Memento Nora is fascinating.  It takes the premise that those who forget history are doomed to repeat to an extreme and very personal level.  It mixes that with the idea of government-sanctioned, corporate control over the populace.  I wouldn’t exactly call this book dystopian.  Usually in dystopian novels, an author presents us with a seemingly perfect and well-ordered world and deconstructs it as we read.  Smibert does the opposite and shows us that chaos can be as carefully constructed and controlled as perfection - an inverted dystopia.  She also pays homage to the book’s literary predecessors throughout the story, so be on the lookout for these nods (my personal favorite was the Jonas Defense Fund).  In conclusion, Memento Nora is one those rare books that takes old ideas and reinvents them in a fresh, new way so that we may see their importance and relevance again.  It’s savvy, political, intelligent and controversial – a mesmerizing what-if tale that hits way too close to home and already has seeds planted in the present.  I highly recommend it.

(please note that these quotes are from an ARC and may be changed in a final copy - page numbers are not provided for this reason)

“Ten minutes later the kid came out trailing his mother.  She hurried out the door.  He stuck out his tongue at me.  Loser, I thought, until I saw the white pill sitting on his pink tongue.  He coughed into his hand, then mouthed the word remember, tapping his cast, and tossed the pill into the trash can.
I watched him leave.  He wasn’t glossy.  He wasn’t dreary, either.  He was something else.
He was all there.”

“The Coalition was like some supervillain syndicate or terrorist Legion of Doom, but no Justice League had arisen from the chaos to combat the baddies.  No, it was like the superheroes had abandoned Gotham, and we citizens were supposed to just pop a pill and forget all about it, until the next time villains struck our fair land.”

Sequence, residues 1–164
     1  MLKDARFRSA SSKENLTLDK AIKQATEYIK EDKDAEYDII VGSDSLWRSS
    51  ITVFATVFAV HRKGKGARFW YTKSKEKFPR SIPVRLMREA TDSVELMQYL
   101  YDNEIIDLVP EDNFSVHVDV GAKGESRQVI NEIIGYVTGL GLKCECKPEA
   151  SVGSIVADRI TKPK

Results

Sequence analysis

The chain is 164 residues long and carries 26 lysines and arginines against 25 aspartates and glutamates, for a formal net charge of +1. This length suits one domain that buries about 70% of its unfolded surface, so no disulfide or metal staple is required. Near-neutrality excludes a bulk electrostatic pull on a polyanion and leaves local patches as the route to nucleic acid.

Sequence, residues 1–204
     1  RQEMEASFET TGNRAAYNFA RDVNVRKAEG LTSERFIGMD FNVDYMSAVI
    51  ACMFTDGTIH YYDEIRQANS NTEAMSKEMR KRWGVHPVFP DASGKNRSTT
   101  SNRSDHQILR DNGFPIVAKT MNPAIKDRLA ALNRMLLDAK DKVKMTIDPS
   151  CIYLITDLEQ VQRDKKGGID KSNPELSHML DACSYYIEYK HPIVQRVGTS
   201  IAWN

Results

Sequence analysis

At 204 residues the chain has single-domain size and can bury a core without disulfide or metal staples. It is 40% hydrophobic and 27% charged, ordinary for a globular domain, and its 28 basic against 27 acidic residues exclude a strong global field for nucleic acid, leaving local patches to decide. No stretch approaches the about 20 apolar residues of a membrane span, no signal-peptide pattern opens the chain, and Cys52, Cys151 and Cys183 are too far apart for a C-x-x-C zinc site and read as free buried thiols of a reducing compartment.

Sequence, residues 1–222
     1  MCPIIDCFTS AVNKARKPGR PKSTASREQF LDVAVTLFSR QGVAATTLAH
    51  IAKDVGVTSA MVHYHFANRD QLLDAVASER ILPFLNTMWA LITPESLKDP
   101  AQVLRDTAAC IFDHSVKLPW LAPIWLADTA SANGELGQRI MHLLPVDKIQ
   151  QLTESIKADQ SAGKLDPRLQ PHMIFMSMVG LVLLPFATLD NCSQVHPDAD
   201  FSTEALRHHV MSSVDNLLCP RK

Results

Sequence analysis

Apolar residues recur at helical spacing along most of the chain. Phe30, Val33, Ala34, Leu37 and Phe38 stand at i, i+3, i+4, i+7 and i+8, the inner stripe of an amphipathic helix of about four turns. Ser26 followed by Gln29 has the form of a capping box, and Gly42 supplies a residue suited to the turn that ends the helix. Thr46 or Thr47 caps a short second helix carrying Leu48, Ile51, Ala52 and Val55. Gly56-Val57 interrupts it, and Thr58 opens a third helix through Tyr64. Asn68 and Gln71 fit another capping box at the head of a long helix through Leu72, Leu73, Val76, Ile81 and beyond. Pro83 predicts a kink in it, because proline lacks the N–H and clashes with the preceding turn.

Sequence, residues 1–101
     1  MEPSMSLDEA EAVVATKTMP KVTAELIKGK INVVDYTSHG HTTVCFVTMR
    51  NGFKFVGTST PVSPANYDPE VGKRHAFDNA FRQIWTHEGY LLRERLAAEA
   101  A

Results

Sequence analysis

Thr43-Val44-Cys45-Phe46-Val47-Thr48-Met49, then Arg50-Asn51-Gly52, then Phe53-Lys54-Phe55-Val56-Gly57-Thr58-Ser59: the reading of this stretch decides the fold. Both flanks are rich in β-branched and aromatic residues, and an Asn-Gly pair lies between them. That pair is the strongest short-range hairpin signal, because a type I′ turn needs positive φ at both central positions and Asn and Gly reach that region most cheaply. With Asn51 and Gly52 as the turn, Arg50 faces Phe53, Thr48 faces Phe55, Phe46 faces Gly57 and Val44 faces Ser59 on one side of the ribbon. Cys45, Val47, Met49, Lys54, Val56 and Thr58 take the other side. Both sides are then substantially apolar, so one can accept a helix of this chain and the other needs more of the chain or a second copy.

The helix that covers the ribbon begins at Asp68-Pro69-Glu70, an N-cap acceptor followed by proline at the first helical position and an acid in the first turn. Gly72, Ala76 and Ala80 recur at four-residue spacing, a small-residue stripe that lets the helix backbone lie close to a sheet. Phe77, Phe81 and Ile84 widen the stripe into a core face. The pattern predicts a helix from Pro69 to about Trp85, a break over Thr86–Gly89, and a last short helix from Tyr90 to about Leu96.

“I’d pulled gears out of every piece of junk I could lay my hands on, and it still wasn’t enough.  Most things now only have ones and zeros spinning around in a hunk of plastic.  No metal teeth gnashing, turning each other, making things work.  Like clockwork.  In a digital system, all you have to do is erase the bad digit and go on like nothing ever happened.”


Scenes from the film Children of Men echoed a lot in my mind as I read.  In particular, the modern advertising had the same feeing to me – found this great video on YouTube and wanted to share:

Also, living in gated communities complete with their shopping and schools are the status symbol in Memento Nora.  You virtually never have to leave.  This is beyond what we've seen in the Real Housewives of the O.C., and it already happens today.  Here's an example.

You can read the first chapter of Memento Nora at the author’s website.  The book also has its own website, where you can learn more about the characters and see how Memento Nora is being used in the classroom.

FTC: I received this ARC book on loan from a Book Blog Tour organizer (Banned Books Tours) to read and give my honest opinion.  In no way was I compensated for my review.


  1. Momento Nora was on my wishlist simply because of its cover. Your review has only made me want it more! Thanks :)

  2. This cover has fascinated me and the word Memento made me wonder if this had anything in common with the movie of the same name. I suppose in some ways, from your review they do. That was a great review and makes me want to pick this one up right away.


  3. "shows us that chaos can be as carefully constructed and controlled as perfection - an inverted dystopia." Wow! This sounds awesome. I really was unsure on this book but your review has sold me on it. Brilliant :)

  4. Great review! I love this book! I tell you it got me from the very first page!!

  5. Great review, I actually posted my review of this one today too =). I did find it different from all of the other dystopians I've been reading recently but couldn't really connect with the characters much. Still liked it a lot though and will be looking forward to the next one. =)

  6. "It takes the premise that those who forget history are doomed to repeat to an extreme and very personal level."

    That pretty much sums this one up perfectly Linds! I absolutely adored the premise of this one, I couldn't stop thinking about it for days after reading. I just wanted a little more from the characters since they always make or break the book for me. Beautiful review as always:)

  7. Thanks for the great review. I can't wait to get my hands on this one!
    Brandi from Blkosiner’s Book Blog